8 standout staffing ideas

labor feature

Anyone out there have too many applicants for too few open jobs? Anyone? Experts say foodservice staffing hasn’t been this difficult in at least two decades.

But noncommercial operators know the situation has slowly festered into a full-fledged crisis. Consider this gem from the labor news ticker: Restaurants will need to pay an average of 33% more for temporary help if they hope to staff up for this year’s holidays, according to Snag, the job-placement service. And 86% of them will still have a tough time finding candidates.

Still, not every foodservice operator is opting for robots or trained otters. Necessity has birthed a slew of new ideas for attracting and keeping employees. Here are eight that caught our fancy.

Illustration by Adam Hayes

1. Playing games with prospects

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Free food has been a lure for prospective restaurant hires since the industry’s earliest days, and is still touted by such employers as In-N-Out. Now another sort of giveaway is catching hold, an opportunity for employees to try the entertainment that guests pay to enjoy. Restaurant-arcade hybrids such as Topgolf, Dave & Buster’s and Main Event are giving job candidates and employees access to their computer-based games in hopes of getting more young people into crew uniforms.

Illustration by Adam Hayes

2. Finding opportunity in others’ failures

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When Taylor Gourmet abruptly shut all 19 of its restaurants because the sandwich shops weren’t covering costs, a lifesaver was tossed to the employees who were put out of work. Cava, another fast-casual chain based in Taylor’s hometown of Washington, D.C., announced that it would hold a job fair four days after the mass layoffs for the displaced workers. The publicity prompted another local concept, Bub and Pop’s, to come forward and say it was hiring. Three other fast-casual employers would quickly do the same.

Illustration: Shutterstock

3. Doing right by moms

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Heads were turned by the benefits package Noodles & Co. announced in mid-September. In addition to providing six weeks of paid leave to new moms, the fast-casual chain intends as of Jan. 1 to let pregnant employees scale back their work time to 80% of a regular schedule for the four weeks leading up to a due date, while still collecting 100% of their usual pay. The same break is extended for the four weeks following the birth.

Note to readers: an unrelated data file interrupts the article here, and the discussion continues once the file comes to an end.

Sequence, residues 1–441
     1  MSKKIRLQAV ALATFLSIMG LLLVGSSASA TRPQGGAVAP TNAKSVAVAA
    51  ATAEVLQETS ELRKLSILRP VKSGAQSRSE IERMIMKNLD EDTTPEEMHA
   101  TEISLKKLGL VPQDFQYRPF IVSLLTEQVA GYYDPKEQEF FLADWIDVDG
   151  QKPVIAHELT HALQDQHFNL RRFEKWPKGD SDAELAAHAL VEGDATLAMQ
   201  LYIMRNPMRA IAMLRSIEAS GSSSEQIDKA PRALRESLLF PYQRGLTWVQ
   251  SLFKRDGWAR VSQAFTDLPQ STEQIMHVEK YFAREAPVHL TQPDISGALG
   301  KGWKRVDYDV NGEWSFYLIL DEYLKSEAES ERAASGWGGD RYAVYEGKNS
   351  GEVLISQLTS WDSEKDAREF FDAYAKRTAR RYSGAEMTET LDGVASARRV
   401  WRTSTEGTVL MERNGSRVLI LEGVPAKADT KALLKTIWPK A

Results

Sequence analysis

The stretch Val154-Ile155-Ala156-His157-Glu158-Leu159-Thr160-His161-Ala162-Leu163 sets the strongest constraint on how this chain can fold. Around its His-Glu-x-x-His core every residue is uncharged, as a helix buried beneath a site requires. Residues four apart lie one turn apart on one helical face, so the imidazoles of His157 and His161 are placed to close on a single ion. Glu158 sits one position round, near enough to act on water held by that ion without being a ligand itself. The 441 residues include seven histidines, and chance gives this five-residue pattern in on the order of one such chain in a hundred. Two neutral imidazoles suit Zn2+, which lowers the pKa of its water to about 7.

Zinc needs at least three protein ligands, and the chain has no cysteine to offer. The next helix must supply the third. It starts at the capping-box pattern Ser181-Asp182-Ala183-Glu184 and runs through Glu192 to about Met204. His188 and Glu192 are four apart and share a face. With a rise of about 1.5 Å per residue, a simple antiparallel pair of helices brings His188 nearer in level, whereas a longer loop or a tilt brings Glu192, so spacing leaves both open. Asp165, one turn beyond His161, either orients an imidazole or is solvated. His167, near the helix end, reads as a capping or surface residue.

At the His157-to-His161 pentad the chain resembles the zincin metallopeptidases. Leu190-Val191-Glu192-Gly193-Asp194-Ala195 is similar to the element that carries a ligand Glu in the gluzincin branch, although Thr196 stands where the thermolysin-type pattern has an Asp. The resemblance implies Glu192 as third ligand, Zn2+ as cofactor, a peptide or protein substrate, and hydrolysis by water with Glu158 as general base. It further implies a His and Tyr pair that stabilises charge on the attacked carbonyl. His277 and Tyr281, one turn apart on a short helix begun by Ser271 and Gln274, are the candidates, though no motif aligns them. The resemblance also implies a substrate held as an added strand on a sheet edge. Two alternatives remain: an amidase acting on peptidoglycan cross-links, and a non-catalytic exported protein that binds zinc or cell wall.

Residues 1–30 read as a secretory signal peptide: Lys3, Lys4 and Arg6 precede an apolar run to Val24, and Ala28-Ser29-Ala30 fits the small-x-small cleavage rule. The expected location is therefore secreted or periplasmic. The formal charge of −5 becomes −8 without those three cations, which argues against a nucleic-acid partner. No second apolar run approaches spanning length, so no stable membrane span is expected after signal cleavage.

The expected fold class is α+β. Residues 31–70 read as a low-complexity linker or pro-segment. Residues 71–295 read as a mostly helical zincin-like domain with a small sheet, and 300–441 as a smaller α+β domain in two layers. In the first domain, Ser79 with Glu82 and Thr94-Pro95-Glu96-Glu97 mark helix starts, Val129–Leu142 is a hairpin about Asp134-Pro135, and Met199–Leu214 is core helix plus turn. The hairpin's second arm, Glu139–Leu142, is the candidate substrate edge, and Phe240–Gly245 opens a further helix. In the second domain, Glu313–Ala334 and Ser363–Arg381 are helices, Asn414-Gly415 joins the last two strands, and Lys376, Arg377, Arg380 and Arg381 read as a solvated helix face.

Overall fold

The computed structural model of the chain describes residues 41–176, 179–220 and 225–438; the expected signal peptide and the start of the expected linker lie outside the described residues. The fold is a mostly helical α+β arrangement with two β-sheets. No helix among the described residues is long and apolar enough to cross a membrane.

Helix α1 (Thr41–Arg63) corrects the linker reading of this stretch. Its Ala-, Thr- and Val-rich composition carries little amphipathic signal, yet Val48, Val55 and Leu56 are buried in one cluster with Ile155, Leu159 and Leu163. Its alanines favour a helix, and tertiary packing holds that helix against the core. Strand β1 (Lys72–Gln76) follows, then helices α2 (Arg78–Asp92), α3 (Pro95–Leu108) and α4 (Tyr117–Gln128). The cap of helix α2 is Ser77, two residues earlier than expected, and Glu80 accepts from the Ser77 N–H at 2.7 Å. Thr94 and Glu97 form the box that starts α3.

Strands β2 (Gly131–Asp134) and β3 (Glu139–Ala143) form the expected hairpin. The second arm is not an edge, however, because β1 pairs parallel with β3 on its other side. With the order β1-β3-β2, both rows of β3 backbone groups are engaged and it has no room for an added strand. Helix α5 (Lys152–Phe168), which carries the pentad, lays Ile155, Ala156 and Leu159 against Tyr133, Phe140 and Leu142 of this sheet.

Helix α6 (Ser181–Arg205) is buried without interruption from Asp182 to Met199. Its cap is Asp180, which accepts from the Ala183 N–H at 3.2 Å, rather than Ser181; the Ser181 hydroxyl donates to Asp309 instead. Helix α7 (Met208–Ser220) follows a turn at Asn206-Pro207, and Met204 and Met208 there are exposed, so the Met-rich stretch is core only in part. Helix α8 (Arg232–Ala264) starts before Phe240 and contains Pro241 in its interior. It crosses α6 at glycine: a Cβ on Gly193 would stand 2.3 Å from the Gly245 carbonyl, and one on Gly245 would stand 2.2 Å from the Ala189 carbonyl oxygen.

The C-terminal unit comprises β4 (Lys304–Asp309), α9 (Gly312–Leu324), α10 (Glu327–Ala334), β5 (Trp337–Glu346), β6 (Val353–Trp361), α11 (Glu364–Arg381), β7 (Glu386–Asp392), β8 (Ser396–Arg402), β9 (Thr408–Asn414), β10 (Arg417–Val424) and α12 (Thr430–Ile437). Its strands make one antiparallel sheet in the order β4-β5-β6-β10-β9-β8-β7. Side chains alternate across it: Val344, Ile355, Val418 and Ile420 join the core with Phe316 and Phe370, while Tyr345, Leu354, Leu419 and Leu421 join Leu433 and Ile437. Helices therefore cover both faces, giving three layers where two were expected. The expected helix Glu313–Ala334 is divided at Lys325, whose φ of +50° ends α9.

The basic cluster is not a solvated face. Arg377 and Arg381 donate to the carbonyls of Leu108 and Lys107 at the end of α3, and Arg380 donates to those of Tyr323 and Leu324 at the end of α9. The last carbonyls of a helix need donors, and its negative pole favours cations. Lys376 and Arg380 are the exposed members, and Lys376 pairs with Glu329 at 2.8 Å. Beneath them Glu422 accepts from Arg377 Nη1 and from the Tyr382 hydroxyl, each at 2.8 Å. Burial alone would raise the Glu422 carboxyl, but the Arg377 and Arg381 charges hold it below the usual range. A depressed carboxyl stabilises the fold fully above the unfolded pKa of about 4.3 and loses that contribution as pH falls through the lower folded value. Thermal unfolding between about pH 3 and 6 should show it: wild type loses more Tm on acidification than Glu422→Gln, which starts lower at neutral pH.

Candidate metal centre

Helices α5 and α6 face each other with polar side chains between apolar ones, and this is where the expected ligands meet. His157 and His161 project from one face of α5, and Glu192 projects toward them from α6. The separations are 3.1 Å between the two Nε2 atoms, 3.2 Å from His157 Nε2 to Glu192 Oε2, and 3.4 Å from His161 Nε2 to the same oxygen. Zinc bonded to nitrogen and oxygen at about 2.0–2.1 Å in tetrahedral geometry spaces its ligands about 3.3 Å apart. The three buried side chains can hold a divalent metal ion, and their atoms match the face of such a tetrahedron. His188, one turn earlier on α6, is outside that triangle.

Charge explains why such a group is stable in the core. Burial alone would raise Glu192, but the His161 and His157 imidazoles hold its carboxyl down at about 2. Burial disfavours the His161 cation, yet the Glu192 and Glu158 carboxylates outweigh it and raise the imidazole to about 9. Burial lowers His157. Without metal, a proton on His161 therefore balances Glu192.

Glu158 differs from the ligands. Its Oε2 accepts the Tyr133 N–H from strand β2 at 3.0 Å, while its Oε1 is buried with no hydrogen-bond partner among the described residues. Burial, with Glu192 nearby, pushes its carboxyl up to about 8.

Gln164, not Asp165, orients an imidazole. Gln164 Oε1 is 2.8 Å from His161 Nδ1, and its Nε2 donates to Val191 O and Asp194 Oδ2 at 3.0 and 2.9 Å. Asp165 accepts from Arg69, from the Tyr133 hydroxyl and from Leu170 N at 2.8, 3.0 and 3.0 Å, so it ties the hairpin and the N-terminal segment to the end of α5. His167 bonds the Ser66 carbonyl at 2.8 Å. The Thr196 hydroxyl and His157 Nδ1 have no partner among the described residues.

Illustration by Adam Hayes

4. Wordsmithing help wanted ads

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Kory Samuels, executive director of dining services at Rochester Institute of Technology in upstate New York, runs an operation that feeds 15,500 students and 3,500 staff daily. To fill kitchen positions, he no longer advertises for a production cook or production coordinator; he now recruits with more user-friendly and appealing keywords. “We found that on sites such as Indeed, the term ‘production cook’ dropped the ad way down to the bottom, but when we used the word ‘cook’ or ‘line cook,’ more applicants responded and they had better talent,” he says.

Illustration: Shutterstock

5. Tech to improve employee experience

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KFC is testing a series of employee-facing BOH technological innovations, including voice technology and QR codes to improve training and job satisfaction. “It’s becoming table stakes as you’re dealing with millennials,” says Ryan Ostrom, KFC’s chief digital officer. The company is conducting three tests of employee-facing technology. One is a voice-activated training program at restaurants in the U.S. and Australia. Employees can ask questions and watch videos while they perform tasks, even messy ones that require gloves, such as hand-breading chicken.

Illustration by Adam Hayes

6. Benefiting bottom lines

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Average household credit card debt is approximately $5,000, with the median debt at more than $16,000, according to Nasdaq. Harvard Dining Services partnered with Working Credit NFP, a not-for-profit credit-building company based in Chicago, to present a program that teaches employees how to manage their debts. Since it launched at Harvard, 112 dining services workers have joined the program, 73% of whom remained engaged for 18 months. At the 18-month mark, 67% of participants had increased their FICO scores and 57% had a prime score (up from 41%).

Illustration: Shutterstock

7. Coverage for Fido

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Kimpton Hotels & Restaurants offers pet insurance. Knowing many employees consider their pet a part of the family, the company decided coverage (through a private company) for unexpected veterinary expenses provides an appreciated financial safety net. Pet bereavement leave is also offered to Kimpton staff.

Illustration: Shutterstock

8. Rethinking a standard schedule

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Though identifying the right people for a job is tough in today’s market, the real challenge is retaining those folks once you do find them, Marge Kipe, director of nutrition services at Reading Hospital in Reading, Pa., told attendees of this year’s Association for Healthcare Foodservice national conference. To address some of those concerns, her team contracted with a company to redo staff scheduling (employees now work 40 hours in four 10-hour days, resulting in an extra day off). They also considered salaries across businesses competing for her team’s foodservice workers—not necessarily looking at hospitals, but companies like Walmart—and made adjustments.

Illustration by Adam Hayes

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